As I said, I do not think that the earlier concerns expressed most recently by the noble Baroness, Lady Strange, are valid. The concerns about preventive culling are valid. However, if the Committee were to go along those lines, it would be very much flying in the face of the recommendations of both of the main inquiries. I therefore hope that the Committee will not pursue that.

7.30 p.m.

The Countess of Mar: Will the noble Lord kindly address the question that I raised about the rapid diagnostic tests? They would probably eliminate the need for the clause altogether, because we would be able to diagnose very quickly whether animals were infected.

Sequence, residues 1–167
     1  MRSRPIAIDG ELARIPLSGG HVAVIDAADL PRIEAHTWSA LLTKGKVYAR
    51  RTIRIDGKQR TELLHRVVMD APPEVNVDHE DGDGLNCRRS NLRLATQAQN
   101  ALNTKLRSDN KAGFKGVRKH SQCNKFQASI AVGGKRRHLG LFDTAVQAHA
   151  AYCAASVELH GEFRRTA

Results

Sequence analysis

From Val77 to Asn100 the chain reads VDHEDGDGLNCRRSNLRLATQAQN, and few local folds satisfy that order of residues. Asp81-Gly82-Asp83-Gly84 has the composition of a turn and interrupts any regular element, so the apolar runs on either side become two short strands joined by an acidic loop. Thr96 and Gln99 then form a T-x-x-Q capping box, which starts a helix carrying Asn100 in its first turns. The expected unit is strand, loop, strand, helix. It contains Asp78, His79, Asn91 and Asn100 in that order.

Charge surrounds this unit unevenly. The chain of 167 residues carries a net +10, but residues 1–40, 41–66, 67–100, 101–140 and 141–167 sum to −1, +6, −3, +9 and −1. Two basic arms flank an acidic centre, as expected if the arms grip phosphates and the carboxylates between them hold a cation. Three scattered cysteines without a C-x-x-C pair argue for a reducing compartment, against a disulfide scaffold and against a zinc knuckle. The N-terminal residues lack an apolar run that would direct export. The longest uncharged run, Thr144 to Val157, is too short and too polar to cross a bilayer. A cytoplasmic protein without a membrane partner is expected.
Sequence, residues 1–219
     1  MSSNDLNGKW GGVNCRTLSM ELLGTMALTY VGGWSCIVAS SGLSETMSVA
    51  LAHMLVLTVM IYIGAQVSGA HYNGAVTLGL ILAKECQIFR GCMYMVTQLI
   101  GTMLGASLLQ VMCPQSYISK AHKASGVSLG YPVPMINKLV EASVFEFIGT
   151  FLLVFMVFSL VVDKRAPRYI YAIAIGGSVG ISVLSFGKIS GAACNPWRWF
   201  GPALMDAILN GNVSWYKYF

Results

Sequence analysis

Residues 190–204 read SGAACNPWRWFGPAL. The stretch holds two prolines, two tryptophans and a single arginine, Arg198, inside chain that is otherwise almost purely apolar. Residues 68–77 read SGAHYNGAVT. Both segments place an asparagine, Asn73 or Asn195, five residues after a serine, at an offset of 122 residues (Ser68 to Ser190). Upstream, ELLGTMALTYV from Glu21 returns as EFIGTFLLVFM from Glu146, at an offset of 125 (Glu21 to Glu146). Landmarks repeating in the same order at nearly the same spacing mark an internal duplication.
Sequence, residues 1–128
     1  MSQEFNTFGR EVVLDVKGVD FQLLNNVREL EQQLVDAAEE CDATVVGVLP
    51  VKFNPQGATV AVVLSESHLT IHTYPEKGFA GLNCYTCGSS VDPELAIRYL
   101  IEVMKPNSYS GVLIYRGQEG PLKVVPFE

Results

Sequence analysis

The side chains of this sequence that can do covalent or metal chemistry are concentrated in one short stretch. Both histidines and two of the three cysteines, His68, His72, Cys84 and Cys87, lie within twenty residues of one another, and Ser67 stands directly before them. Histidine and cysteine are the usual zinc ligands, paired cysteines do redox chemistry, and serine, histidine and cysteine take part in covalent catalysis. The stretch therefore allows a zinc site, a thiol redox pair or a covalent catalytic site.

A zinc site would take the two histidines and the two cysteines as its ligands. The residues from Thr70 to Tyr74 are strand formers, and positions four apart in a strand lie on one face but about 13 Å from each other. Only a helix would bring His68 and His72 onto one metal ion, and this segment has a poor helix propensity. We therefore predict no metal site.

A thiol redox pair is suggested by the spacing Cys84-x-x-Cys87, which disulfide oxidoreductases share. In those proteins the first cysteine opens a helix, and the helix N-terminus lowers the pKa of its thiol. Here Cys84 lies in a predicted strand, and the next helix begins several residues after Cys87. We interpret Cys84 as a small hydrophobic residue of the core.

Lord Whitty: No. Not all advances in relation to the diagnostic tests have been fully validated but there is an advance which, we hope, will identify diseased animals and determine whether exposed animals were actually subject to the disease. However, it would not provide the basis on which one would carry out a pre-emptive cull. A pre-emptive cull, by definition, does not require us to be able to prove that an animal had the disease. That is precisely the firebreak or wall strategy that Anderson said should be more clearly available to us in legislation but which is not present in

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the current legislation. We are increasing the scope—I make no bones about that—but we do so in line with what the report suggests.

The Countess of Mar: I am trying to say that a pre-emptive cull would not be necessary if we had a rapid diagnostic test. One would be able to test every animal to find out whether it was infected. There would be no need to go round culling all over the place.